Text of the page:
Valery Giscard d’Estaing, the president of France from 1974 to 1981 who became a champion of European integration, has died at the age of 94 after contracting Covid-19.
Mr Giscard d’Estaing’s office said he passed away in his family home in the Loir-et-Cher region, in central France. He had recently been admitted to hospital in the town of Tours with heart problems.
“In accordance with his wishes, his funeral will take place in strict privacy,” his office said.
As president, he helped forge a single Europe with his close friend, German Chancellor Helmut Schmidt. Together they laid the foundations for the euro single currency.
Mr Giscard d’Estaing wrote the article in the EU charter that allowed Brexit to happen – the brief measure that permits a member state to leave the bloc.
On the eve of Britain’s departure this year, Mr Giscard d’Estaing told The Associated Press it was a “step backward” geopolitically, but took the long view.
“We functioned without Britain during the first years of the European Union … So we will rediscover a situation that we have already known,” he said.
Seeing the Britons leave, “I feel great regret,” he said.
He remained unfailingly optimistic in the European project, forecasting that the EU and the euro would bounce back and gradually grow stronger and bigger despite the challenges of losing a major member.
When he took office in 1974, Mr Giscard d’Estaing began as the model of a modern French president, a conservative with liberal views on social issues.
Abortion and divorce by mutual consent were legalised under his term, and he reduced the age of majority from 21 to 18.
He played his accordion in working class neighbourhoods. One Christmas morning, he invited four passing garbage men to breakfast at the presidential palace.
He lost his re-election bid in 1981 to Socialist Francois Mitterrand.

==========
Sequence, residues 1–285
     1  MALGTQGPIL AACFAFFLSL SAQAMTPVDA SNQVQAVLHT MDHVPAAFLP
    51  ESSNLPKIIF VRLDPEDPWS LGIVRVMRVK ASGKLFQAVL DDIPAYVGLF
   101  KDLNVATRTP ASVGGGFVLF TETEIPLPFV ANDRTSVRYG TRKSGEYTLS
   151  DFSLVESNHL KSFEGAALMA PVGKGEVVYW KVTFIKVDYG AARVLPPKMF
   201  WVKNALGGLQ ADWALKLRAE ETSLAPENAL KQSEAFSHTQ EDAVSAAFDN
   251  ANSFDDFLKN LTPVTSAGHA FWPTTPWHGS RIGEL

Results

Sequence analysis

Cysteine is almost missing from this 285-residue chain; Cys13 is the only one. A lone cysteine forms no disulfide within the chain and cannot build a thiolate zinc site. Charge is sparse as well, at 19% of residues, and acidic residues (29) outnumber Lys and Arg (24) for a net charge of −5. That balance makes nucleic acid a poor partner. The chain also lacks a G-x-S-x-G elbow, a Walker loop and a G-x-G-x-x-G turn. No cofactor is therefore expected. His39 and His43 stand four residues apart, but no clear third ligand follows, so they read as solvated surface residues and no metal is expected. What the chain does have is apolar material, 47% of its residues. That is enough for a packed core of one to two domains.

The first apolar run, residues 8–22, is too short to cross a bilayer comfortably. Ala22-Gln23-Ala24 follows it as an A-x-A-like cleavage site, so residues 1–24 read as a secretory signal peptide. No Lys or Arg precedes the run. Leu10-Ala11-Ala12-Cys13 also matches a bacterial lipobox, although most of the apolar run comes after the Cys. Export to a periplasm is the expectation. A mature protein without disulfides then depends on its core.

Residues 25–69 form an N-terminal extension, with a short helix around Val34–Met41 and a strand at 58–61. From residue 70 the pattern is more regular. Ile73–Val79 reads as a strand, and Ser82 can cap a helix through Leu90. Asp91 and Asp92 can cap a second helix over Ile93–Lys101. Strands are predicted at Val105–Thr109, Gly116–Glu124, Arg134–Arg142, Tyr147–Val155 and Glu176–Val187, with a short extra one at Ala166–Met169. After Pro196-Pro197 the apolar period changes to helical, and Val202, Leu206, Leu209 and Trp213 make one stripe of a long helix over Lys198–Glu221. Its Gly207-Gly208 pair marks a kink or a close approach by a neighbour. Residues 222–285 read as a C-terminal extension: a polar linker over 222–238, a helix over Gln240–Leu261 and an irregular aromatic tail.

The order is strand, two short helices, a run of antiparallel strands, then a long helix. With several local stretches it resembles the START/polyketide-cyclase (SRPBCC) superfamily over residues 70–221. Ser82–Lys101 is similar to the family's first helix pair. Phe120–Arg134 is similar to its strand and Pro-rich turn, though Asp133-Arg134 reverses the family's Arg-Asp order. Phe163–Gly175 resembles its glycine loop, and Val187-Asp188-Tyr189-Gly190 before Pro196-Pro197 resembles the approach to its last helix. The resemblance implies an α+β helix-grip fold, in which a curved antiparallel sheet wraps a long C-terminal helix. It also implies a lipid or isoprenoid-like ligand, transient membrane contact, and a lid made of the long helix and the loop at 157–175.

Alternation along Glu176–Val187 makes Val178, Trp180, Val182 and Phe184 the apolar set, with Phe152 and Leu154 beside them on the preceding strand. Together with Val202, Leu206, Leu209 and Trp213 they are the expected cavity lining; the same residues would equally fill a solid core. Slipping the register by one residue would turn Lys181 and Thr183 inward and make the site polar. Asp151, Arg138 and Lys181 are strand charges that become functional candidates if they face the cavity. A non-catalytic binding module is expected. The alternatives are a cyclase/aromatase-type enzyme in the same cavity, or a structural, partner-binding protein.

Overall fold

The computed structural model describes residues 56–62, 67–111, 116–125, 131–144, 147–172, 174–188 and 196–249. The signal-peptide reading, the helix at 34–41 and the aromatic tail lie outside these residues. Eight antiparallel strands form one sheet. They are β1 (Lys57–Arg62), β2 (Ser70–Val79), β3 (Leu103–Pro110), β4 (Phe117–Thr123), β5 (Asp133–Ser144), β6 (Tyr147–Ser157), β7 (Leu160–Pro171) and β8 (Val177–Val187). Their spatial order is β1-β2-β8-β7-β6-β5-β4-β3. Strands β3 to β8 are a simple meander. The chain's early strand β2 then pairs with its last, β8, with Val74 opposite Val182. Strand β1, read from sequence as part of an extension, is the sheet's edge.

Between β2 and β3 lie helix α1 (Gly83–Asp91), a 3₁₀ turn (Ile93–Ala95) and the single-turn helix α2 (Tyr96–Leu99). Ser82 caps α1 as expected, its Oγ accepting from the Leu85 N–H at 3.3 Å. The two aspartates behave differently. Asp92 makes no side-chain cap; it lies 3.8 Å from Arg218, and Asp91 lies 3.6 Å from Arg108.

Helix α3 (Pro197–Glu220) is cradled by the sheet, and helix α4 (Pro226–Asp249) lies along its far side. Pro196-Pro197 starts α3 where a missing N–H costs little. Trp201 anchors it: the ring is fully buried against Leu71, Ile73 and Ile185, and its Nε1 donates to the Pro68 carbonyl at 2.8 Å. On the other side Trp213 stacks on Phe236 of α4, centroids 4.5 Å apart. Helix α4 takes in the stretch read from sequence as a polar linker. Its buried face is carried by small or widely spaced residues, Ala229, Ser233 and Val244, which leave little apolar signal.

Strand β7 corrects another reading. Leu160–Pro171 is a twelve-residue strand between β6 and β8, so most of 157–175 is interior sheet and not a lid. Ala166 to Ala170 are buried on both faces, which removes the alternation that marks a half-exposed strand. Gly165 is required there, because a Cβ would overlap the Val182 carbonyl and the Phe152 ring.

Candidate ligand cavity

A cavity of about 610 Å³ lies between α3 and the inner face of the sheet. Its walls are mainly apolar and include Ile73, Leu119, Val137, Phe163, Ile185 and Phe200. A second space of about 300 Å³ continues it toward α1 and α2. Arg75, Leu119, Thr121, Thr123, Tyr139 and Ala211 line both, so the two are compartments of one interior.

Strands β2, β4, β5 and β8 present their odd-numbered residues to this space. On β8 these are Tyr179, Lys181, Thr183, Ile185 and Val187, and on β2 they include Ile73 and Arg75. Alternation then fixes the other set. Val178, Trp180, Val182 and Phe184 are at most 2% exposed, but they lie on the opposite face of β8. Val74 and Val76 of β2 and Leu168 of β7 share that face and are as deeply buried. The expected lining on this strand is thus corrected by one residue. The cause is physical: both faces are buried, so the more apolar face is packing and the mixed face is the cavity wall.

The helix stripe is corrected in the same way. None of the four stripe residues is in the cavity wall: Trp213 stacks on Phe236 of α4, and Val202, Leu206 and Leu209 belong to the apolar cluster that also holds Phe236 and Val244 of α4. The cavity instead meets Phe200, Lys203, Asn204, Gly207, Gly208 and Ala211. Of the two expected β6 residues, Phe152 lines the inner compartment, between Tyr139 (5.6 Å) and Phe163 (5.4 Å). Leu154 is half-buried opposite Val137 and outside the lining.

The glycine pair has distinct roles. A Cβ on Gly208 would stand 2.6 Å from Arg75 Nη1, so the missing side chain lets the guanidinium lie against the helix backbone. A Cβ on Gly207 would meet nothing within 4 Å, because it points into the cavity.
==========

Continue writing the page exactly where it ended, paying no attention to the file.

After joining the French Resistance during World War II, he next saw Germany as a tank commander in the French military in 1944.
In 1952, he married Anne-Aymone de Brantes, the daughter of a count and heiress to a steel fortune. They had four children: Valerie-Anne, Louis, Henri and Jacinte.
Young Giscard d’Estaing studied at the prestigious Polytechnical Institute and then the elite National School of Administration, before mastering economics at Oxford.
President Charles de Gaulle named him finance minister at the age of 36.
He then found a second calling in the European Union. He worked on writing a European Constitution which was formally presented in 2004, but rejected by French and Dutch voters. However, it paved the way for the adoption of the Treaty on European Union in 2007.
At age 83, he published a romance novel called “The Princess and the President,” which he said was based on Princess Diana, with whom he said he discussed writing a love story.
Asked about the nature of their relationship, he said only: “Let us not exaggerate. I knew her a bit in a climate of a confidential relationship. She needed to communicate.”
Earlier this year, a German journalist accused Mr Giscard d’Estaing of repeatedly grabbing her during an interview, and filed a sexual assault complaint with Paris prosecutors. His French lawyer said the 94-year-old “retains no memory” of the incident.
Former French President Francois Hollande paid tribute to “a stateman who had chosen to open up to the world and was thinking that Europe was a condition for France to be greater.”
Mr Hollande’s predecessor, Nicolas Sarkozy, expressed his “deep sadness”, saying Mr Giscard d’Estaing “made France be proud”.